Peter Bogdanovich

Clarius Entertainment

The director of such classics as The Last Picture Show and Paper Moon is finally making a return after 14 years of absence from features, but after watching the trailer for She’s Funny That Way, I wonder if it’s anything to celebrate. Peter Bogdanovich has been keeping plenty busy over the past decade and a half, doing a little more acting, some hosting duties on TCM, maintaining a blog at Indiewire and helming some TV movies, namely biopics about Natalie Wood and Pete Rose, and a documentary on Tom Petty and the Heartbreakers. But his last true picture show, as far as a theatrical narrative release, was the 2001 historically inspired jazz-age farce The Cat’s Meow.  For his comeback, Bogdanovich has written another wild comedy, this time with ex-wife Louise Stratten, and he’s corralled a very impressive cast, as someone of his background can easily do. Imogen Poots stars as a high-class prostitute-turned-Broadway star who gets a part in a play directed by a former client (Owen Wilson), whose wife (Katherine Hahn) is also in the cast, and she also attracts the affections of the playwright (Will Forte), whose girlfriend is the former escort’s therapist (Jennifer Aniston). There’s also room for Rhys Ifans, Richard Lewis, Michael Shannon, Lucy Punch, Cybill Shepherd, Illeana Douglas, Austin Pendleton, Debi Mazar and Jennifer Esposito plus cameos from Quentin Tarantino, Tatum O’Neal, Graydon Carter, Colleen Camp and Jake Hoffman, I’m assuming as themselves.


Targets Karloff

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John Ford

John Ford is The Western. Instrumental in elevating the genre and crafting more iconic films than can fit in a saddle bag, the director had a filmmaking career spanning 63 years and managed to make eye patches cool on top of building a legendary resume. Sporting four Oscars (for How Green Was My Valley, The Grapes of Wrath, The Informer and The Quiet Man), Ford saw the work of a filmmaker as a way to make a living, a job not to be seen through romance or puffery. Still, it’s impossible to overstate his influence. If you could ask David Lean, Martin Scorsese, Stanley Kubrick and other masters who inspired them, they’d all bring up Ford’s name. The directors we all look up to, look up to him. So here’s a bit of free film school (for fans and filmmakers alike) from the man who made Jimmy Stewart play Wyatt Earp so audiences wouldn’t go to the bathroom.


Jonah Hill

Brie Larson got her start in children’s films, broke into television, and even had a short music career. The 22-year-old actress has transitioned into more grown-up roles, but she still gets cast in a high school student (even though, ironically, she was home schooled for her high school years). Her most recent role was in this spring’s hit comedy 21 Jump Street, based on the television series that ran on Fox from 1987 until 1991. The film comes out on Blu-ray and DVD this week, so Larson took some time to chat with Film School Rejects about her various roles, including the upcoming films James Ponsoldt’s The Spectacular Now and Peter Bogdanovich’s Squirrel to the Nuts.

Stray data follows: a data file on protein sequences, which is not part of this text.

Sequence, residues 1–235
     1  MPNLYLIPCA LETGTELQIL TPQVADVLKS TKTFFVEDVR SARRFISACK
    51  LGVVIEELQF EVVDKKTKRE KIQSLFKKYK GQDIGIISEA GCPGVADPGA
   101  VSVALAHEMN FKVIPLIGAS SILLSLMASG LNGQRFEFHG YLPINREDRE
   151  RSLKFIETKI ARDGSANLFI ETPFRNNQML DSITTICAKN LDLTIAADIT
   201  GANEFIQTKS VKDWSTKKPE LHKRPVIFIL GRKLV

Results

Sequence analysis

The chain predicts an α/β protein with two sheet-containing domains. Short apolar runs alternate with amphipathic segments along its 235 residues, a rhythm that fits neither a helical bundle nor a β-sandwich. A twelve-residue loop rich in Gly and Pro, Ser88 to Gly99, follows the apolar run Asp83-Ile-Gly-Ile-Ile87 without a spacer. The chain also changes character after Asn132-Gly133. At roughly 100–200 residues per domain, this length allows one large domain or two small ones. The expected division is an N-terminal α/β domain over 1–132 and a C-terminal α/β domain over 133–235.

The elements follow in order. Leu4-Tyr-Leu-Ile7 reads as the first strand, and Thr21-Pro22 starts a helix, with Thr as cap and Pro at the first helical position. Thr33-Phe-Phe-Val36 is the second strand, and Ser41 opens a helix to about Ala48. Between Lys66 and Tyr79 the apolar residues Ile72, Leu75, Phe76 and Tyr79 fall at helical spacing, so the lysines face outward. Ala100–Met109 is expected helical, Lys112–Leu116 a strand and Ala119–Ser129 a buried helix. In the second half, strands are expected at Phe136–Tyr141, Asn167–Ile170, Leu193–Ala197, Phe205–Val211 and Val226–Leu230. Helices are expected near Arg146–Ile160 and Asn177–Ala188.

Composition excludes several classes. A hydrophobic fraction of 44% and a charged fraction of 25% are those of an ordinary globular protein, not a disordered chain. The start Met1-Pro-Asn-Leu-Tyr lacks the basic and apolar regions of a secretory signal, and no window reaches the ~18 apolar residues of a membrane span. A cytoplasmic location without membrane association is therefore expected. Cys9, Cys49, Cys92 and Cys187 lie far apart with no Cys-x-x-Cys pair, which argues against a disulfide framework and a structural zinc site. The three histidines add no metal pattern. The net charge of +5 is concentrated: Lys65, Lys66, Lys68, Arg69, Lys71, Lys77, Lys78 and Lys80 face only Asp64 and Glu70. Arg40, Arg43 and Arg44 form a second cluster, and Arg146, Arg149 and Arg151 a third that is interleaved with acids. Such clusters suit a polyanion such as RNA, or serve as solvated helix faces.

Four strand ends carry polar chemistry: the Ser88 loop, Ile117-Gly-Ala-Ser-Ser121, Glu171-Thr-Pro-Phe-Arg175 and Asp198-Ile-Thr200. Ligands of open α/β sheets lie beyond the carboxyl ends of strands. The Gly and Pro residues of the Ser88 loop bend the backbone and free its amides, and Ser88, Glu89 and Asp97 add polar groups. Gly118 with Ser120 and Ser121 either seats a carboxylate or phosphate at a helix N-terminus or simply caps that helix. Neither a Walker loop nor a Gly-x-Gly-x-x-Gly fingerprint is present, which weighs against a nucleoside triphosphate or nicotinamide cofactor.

Peter Bodgdanovich

It only took legendary filmmaker Peter Bogdanovich over three decades to write another film about the ins and outs and ups and downs of the theater – and who can blame him after the massive bomb that was At Long Last Love – but Squirrels to the Nuts sounds just zippy enough to really make it. Bogdanovich has written the script for the new film and will also direct (a double duty he hasn’t pulled off since 1990’s Texasville), but it’s the film’s producers, Wes Anderson and Noah Baumbach, who should really set the tone for the film. Variety reports that the “quirky indie comedy” centers on a “hooker-turned-Broadway-thesp and the recurring intersection between those two facets of her life.” There’s nothing like prostitution to really keep you on your toes. Rising star Brie Larson will play the hooker with a heart of gold tap shoes, which sounds like yet another role that will show off the actress’s knack for excelling at very different parts (it’s not everyone who can turn in solid performances in both Rampart and 21 Jump Street  in the same year). Owen Wilson will play a Broadway director who, despite being married to another Broadway star (not yet cast), pays Larson for her non-theatrical work before eventually helping her get away from hooking.


Alfred Hitchcock

Alfred Hitchcock was born in the 19th century but gave birth in the 20th century to the age of modern filmmaking. Famous for his wit, inventive appreciation of the macabre, and a firm belief that suspense involves bringing a victim out from the shadows into the light he crafted the kinds of movies that made you care about characters even while reaching for your cholesterol medication. He also has a lot to teach. To fellow filmmakers and fans alike. Which is why we’ve chosen him as the first teacher in a new series of weekly articles where master movie-makers share their insights. Throughout his life, Hitchcock was candid about his methods and philosophies (amongst other things he flung around freely). Here’s a bit of free film school from a true visionary.